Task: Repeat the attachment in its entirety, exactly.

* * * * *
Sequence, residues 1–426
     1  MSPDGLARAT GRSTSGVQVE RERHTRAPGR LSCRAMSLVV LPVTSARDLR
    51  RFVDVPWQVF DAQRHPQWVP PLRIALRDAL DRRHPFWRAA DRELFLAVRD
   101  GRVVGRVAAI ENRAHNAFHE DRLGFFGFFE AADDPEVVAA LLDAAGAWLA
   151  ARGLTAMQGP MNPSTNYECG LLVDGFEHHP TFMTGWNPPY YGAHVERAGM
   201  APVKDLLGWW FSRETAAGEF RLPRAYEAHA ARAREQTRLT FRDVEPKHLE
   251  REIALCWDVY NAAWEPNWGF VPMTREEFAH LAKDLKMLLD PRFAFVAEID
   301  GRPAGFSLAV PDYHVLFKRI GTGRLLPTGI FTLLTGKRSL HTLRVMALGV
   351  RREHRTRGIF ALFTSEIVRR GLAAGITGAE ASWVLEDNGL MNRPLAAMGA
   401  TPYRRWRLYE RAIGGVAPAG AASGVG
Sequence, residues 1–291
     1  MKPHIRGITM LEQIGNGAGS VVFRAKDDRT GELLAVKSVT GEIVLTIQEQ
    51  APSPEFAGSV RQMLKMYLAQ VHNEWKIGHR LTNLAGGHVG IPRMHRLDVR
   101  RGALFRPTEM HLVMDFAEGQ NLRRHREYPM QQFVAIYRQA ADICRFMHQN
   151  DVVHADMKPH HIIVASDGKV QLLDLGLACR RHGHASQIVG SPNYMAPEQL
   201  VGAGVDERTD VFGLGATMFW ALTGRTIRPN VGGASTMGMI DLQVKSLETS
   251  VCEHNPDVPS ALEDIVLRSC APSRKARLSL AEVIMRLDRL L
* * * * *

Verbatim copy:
Sequence, residues 1–426
     1  MSPDGLARAT GRSTSGVQVE RERHTRAPGR LSCRAMSLVV LPVTSARDLR
    51  RFVDVPWQVF DAQRHPQWVP PLRIALRDAL DRRHPFWRAA DRELFLAVRD
   101  GRVVGRVAAI ENRAHNAFHE DRLGFFGFFE AADDPEVVAA LLDAAGAWLA
   151  ARGLTAMQGP MNPSTNYECG LLVDGFEHHP TFMTGWNPPY YGAHVERAGM
   201  APVKDLLGWW FSRETAAGEF RLPRAYEAHA ARAREQTRLT FRDVEPKHLE
   251  REIALCWDVY NAAWEPNWGF VPMTREEFAH LAKDLKMLLD PRFAFVAEID
   301  GRPAGFSLAV PDYHVLFKRI GTGRLLPTGI FTLLTGKRSL HTLRVMALGV
   351  RREHRTRGIF ALFTSEIVRR GLAAGITGAE ASWVLEDNGL MNRPLAAMGA
   401  TPYRRWRLYE RAIGGVAPAG AASGVG
Sequence, residues 1–291
     1  MKPHIRGITM LEQIGNGAGS VVFRAKDDRT GELLAVKSVT GEIVLTIQEQ
    51  APSPEFAGSV RQMLKMYLAQ VHNEWKIGHR LTNLAGGHVG IPRMHRLDVR
   101  RGALFRPTEM HLVMDFAEGQ NLRRHREYPM QQFVAIYRQA ADICRFMHQN
   151  DVVHADMKPH HIIVASDGKV QLLDLGLACR RHGHASQIVG SPNYMAPEQL
   201  VGAGVDERTD VFGLGATMFW ALTGRTIRPN VGGASTMGMI DLQVKSLETS
   251  VCEHNPDVPS ALEDIVLRSC APSRKARLSL AEVIMRLDRL L